Creative marketing of junk food to kids under attack

Posted by Daniel Palmer on 16th July 2008

A new report has labelled food companies “irresponsible” in their marketing of food to children. The report, by consumer group ‘Which?’, has been slammed by the Food and Drink Federation as “misleading” and “sloppy”.

The report, which singles out a number of high profile companies, suggests that many companies are looking to text messaging competitions and social networking sites to boost the appeal of junk food to children. Titled ‘Food Fables’, it claimed that many companies were using irresponsible methods to target children and implied that current regulations needed to be tightened.

Kellogg’s, Cadbury, McDonald’s, Burger King, PepsiCo and Coca-Cola were among those singled out, though ‘Which?’ did highlight that KFC and Weetabix had made “notable improvements”.

“Tackling the obesity problem demands action in many areas to make healthy choices easier,” Sue Davies, Chief Policy Advisor at Which?, claimed. “It’s time all food companies started to fully play their part and focused their vast array of creative and persuasive marketing techniques on selling healthier foods to children instead of less healthy ones.”

The Food and Drink Federation, however, believes the findings are deceptive and cite the tough legislation seen in the UK to support their case. “The only food fables are those you will read in this sloppy report, which lacks any real substance, is very subjective and paints a misleading picture of what is actually happening,” Julian Hunt , FDF Director of Communications, said. “Which? also fails to acknowledge the fact that the UK now has some of the strictest advertising regulations in the world, within which food companies are clearly operating to both the spirit and the letter of the law. Our members are going even further than these rules – introducing voluntary measures that are radically changing the marketing landscape here in the UK. On top of these changes, we are making a real difference to the health of the nation through our efforts to improve product recipes, develop healthier options and introduce clearer nutrition labelling.”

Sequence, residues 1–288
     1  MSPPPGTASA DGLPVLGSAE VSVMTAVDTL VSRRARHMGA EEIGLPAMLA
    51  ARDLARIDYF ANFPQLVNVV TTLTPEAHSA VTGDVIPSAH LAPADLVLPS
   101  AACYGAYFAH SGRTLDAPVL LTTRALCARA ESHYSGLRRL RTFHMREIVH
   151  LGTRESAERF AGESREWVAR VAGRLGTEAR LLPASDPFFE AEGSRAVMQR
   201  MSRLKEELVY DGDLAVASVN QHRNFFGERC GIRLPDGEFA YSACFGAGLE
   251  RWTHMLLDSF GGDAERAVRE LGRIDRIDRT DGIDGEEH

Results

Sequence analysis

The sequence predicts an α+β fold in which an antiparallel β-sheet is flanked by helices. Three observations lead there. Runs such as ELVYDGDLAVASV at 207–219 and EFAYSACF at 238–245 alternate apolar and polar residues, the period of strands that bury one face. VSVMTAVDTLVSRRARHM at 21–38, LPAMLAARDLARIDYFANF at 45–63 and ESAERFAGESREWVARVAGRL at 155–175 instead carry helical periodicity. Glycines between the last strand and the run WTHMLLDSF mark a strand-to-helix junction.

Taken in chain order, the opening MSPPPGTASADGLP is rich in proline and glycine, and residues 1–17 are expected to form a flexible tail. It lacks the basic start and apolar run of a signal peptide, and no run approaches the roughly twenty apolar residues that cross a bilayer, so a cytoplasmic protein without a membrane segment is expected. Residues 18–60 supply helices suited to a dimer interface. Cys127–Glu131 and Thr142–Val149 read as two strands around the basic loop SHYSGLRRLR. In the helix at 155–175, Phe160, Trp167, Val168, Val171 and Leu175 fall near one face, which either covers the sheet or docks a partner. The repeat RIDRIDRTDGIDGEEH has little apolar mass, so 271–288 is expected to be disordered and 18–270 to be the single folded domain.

As of January 1 this year UK companies were no longer allowed to advertise unhealthy foods on TV programs which had high numbers of under 16 viewers. The decision was made in a bid to help tackle the high rate of childhood obesity but broadcasters fear that program quality will decline due to an expected loss of advertising revenue.